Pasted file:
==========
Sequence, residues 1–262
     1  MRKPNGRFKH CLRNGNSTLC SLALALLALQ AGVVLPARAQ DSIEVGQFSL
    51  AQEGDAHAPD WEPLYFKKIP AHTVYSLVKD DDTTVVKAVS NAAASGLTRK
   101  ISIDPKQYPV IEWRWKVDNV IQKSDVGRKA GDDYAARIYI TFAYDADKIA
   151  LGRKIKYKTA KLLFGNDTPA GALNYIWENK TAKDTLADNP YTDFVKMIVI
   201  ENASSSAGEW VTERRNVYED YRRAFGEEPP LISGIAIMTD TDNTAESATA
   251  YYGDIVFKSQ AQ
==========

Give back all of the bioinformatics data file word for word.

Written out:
Sequence, residues 1–262
     1  MRKPNGRFKH CLRNGNSTLC SLALALLALQ AGVVLPARAQ DSIEVGQFSL
    51  AQEGDAHAPD WEPLYFKKIP AHTVYSLVKD DDTTVVKAVS NAAASGLTRK
   101  ISIDPKQYPV IEWRWKVDNV IQKSDVGRKA GDDYAARIYI TFAYDADKIA
   151  LGRKIKYKTA KLLFGNDTPA GALNYIWENK TAKDTLADNP YTDFVKMIVI
   201  ENASSSAGEW VTERRNVYED YRRAFGEEPP LISGIAIMTD TDNTAESATA
   251  YYGDIVFKSQ AQ